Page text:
You can’t stop water – you can only redirect it. Storm water in the natural landscape will find its way to streams, rivers and ultimately the ocean. Storm water in the built environment will also find its way to the lowest point – which could be your basement! As a site development contractor, we take site drainage very seriously. Whether it’s a new construction house lot or an expansion of an existing lot, storm water that is not properly redirected can cause a lot of damage in time and expense to fix.
At Rye Beach Landscaping, we have worked with many talented site engineers who have come up with creative solutions to redirect storm water. Here are several methods that we use:
Foundation Drains. As part of the home construction project, the excavation company is usually the one who installs foundation drains, also known as “footing drains.” Two critical factors here is using the correct grade of back fill sand and geotextile fabric to prevent blockage of the footing drain pipe. You only get one chance to do it right!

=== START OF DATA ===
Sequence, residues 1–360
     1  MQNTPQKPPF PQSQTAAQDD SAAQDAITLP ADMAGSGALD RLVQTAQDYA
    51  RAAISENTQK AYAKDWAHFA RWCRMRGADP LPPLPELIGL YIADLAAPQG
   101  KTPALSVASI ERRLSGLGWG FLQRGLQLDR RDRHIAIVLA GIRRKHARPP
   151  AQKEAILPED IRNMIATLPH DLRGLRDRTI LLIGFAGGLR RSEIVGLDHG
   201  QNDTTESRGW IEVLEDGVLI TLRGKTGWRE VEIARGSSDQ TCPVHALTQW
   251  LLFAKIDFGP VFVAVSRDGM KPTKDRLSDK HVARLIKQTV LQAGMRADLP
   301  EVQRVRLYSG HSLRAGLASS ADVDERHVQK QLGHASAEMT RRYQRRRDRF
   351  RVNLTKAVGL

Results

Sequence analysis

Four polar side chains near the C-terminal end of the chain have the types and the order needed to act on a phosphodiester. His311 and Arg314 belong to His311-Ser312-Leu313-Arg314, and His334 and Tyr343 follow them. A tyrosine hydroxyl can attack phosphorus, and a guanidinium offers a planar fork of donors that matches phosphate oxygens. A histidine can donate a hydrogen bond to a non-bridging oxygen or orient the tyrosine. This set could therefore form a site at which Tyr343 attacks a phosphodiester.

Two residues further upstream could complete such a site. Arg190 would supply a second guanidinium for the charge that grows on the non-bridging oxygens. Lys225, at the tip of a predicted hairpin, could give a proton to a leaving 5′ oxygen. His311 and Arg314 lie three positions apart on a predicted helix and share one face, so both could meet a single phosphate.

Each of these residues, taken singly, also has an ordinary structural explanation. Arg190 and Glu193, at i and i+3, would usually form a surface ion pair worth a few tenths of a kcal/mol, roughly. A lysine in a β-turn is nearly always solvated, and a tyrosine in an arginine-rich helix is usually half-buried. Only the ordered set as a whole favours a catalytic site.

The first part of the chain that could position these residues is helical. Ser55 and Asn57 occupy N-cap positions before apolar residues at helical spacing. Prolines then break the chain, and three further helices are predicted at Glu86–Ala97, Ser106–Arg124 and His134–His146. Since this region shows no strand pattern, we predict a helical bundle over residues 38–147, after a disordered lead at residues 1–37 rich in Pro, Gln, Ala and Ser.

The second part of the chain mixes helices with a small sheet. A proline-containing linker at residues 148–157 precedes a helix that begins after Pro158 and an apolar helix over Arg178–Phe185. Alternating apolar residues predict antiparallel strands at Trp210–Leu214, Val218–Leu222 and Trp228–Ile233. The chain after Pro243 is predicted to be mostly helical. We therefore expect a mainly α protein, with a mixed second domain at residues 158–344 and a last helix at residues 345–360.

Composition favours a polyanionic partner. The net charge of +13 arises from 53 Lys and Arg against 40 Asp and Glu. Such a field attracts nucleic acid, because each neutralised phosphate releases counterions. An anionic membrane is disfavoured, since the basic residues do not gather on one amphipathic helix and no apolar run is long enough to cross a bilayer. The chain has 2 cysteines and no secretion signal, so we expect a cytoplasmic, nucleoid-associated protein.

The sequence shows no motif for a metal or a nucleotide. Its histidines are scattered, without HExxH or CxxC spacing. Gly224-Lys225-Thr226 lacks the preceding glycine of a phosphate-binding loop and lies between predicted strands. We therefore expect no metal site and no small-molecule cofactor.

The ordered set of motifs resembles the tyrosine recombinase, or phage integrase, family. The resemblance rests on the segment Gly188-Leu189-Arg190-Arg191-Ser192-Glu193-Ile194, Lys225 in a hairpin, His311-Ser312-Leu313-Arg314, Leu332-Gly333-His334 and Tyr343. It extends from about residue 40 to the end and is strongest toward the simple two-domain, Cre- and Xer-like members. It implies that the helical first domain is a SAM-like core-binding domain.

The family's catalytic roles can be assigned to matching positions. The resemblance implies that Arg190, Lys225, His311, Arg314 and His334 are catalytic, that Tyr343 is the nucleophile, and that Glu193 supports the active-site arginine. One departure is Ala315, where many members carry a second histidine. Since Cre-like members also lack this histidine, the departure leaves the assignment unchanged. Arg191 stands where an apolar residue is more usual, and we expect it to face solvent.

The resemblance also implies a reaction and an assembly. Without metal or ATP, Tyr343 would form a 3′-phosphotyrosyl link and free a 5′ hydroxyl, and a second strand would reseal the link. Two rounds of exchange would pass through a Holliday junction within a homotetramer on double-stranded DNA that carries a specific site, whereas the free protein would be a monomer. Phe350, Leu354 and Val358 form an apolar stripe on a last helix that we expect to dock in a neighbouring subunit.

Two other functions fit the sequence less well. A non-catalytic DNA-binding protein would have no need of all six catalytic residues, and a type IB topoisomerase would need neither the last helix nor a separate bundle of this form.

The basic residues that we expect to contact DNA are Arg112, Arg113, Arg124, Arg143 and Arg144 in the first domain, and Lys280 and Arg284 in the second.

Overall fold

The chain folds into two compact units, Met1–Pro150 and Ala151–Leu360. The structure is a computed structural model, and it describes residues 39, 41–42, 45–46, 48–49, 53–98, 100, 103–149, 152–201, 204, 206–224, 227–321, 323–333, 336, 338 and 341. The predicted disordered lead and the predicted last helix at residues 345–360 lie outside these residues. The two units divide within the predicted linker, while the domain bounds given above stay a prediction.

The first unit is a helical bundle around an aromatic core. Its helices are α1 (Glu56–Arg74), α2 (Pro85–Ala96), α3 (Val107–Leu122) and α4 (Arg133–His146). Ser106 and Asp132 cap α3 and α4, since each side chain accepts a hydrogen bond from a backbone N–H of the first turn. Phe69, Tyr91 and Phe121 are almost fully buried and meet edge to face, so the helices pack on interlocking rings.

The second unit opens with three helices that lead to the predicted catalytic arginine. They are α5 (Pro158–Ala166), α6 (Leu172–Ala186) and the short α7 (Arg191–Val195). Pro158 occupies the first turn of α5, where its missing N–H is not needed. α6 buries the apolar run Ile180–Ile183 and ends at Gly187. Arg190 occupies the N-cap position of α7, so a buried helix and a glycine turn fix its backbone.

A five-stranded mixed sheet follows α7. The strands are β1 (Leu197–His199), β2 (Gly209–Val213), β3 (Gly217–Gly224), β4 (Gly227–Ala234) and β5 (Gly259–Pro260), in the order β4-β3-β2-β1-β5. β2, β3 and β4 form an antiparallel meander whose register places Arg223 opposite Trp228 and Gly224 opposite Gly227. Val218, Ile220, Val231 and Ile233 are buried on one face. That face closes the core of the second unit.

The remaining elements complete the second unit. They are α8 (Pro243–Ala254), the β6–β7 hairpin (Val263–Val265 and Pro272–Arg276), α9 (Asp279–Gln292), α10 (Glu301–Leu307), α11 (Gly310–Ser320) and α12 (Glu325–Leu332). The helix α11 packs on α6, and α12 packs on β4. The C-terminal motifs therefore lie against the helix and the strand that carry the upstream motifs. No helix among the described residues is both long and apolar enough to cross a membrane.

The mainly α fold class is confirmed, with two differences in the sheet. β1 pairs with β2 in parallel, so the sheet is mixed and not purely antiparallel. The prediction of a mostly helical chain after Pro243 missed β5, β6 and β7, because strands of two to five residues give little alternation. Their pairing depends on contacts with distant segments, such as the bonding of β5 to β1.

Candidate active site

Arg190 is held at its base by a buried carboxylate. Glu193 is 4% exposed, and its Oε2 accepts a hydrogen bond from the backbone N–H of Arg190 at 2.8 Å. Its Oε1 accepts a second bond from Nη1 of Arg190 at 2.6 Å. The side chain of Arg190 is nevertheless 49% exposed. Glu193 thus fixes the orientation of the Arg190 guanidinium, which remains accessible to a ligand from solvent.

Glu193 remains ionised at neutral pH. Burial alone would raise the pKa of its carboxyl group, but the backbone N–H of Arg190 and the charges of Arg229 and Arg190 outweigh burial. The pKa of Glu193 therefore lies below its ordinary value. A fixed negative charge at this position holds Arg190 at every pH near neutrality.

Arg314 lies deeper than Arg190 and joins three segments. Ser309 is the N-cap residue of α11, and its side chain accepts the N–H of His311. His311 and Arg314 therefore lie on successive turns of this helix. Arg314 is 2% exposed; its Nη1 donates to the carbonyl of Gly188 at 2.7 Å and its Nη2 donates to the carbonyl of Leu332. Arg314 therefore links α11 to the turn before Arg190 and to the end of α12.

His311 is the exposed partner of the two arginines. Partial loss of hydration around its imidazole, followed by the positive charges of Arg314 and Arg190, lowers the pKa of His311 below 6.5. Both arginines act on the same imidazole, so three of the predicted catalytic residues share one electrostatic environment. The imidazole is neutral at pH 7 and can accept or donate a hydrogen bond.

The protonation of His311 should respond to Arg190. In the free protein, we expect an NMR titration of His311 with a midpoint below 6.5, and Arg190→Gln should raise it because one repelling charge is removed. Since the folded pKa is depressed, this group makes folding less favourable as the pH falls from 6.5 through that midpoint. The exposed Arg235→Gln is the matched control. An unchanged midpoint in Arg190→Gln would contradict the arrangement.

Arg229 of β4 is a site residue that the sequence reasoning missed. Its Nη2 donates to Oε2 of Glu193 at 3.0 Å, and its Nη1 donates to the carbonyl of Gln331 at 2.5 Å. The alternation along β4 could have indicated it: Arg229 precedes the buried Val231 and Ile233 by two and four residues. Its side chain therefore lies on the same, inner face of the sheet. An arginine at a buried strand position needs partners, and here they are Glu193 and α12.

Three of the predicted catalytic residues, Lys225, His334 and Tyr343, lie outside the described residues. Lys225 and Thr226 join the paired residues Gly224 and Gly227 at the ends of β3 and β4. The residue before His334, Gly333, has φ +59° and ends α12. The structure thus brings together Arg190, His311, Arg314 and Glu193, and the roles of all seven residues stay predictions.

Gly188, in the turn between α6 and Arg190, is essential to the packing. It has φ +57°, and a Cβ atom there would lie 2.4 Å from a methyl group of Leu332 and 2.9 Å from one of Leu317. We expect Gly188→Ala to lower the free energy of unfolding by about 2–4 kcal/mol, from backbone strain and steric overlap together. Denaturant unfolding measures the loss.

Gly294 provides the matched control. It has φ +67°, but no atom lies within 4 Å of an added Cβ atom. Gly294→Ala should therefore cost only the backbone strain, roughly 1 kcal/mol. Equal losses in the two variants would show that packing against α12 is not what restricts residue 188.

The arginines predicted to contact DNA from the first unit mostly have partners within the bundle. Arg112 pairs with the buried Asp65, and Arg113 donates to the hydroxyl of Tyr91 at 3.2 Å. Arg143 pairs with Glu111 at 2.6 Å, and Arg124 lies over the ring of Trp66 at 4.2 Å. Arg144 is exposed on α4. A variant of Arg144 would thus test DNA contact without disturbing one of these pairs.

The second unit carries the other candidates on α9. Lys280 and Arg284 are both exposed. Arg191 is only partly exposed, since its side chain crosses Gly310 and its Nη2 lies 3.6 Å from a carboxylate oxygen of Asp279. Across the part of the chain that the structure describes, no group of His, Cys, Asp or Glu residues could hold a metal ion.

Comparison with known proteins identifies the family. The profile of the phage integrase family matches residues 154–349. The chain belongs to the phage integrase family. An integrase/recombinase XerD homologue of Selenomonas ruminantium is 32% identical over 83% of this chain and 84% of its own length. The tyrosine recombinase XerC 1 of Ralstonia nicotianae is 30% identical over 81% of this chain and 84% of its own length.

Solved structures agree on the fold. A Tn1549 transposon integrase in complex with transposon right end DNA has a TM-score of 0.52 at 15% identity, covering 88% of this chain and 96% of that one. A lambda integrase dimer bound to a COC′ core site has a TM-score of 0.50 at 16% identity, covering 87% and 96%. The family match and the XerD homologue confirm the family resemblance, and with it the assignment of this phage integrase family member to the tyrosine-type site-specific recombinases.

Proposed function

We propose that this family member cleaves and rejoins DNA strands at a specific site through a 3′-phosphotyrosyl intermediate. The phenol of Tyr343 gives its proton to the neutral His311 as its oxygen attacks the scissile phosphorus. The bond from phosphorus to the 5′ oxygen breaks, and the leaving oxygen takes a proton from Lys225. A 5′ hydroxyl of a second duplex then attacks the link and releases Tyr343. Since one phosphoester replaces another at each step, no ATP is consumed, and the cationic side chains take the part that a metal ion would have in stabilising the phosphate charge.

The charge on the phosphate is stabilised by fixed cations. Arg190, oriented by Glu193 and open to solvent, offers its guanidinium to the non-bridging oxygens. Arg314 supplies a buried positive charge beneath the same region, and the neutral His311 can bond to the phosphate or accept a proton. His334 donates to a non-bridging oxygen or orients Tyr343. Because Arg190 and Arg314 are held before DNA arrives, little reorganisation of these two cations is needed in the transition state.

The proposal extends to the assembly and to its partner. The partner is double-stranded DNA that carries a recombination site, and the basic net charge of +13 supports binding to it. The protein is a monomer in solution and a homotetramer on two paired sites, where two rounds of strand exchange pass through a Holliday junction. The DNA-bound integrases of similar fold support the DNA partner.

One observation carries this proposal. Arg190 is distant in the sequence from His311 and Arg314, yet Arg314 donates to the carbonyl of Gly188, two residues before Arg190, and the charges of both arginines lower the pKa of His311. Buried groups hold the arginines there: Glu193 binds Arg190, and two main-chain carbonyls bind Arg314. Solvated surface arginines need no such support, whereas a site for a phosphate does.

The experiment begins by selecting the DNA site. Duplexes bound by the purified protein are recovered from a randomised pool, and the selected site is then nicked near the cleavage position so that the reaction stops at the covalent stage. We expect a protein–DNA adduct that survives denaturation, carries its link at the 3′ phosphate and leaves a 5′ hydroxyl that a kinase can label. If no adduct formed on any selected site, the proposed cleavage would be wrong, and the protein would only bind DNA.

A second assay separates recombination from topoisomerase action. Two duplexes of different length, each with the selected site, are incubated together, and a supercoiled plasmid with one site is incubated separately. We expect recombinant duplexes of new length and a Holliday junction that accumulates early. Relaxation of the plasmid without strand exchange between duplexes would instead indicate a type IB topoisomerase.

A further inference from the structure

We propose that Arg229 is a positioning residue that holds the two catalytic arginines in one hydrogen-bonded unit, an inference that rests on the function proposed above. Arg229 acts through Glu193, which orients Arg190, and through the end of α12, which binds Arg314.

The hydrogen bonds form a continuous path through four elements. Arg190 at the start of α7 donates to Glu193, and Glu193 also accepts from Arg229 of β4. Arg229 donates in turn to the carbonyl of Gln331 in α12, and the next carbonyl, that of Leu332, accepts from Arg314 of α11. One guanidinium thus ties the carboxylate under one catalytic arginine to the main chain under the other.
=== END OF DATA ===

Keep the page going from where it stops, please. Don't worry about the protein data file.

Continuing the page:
Drainage Swales. Contours in the landscape are a great way to prevent the majority of storm water from even reaching those critical areas. Rye Beach Landscaping can interpret a surveyors topography designs and build in these natural barriers so they blend into the landscape.
Culverts. A culvert might be a deep, open trench or an under-drain that can move a concentrated area of water from one point to another. A common place to see a culvert is under driveway or road, or through a low-lying marshy area.
Detention Ponds and Retention Ponds. A detention pond is designed to process a lot of water quickly and then drain out. These are typically designed by hydrologists and civil engineers to process floodwater along the highway system. A retention pond is designed to retain storm water indefinitely. Retention ponds are used often in housing developments, and are useful for slowing down the flow of water.
Catch Basins and Dry Wells. In a stagnant water area, you might see a catch basin or dry well. Although they look similar, catch basins and dry wells have two different functions. The open grate can catch a large volume of water in a short period of time. A catch basin is like a filter that is connected to an outlet pipe. Sediment builds up the bottom and must be pumped out periodically. A dry well is a closed system in filled with free draining gravel in which storm water flows through and eventually seeps into the ground.
Whether you are building a new home or an have an existing home that has standing water problems, we would like to bring our 25 years of experience to solve your site drainage issues.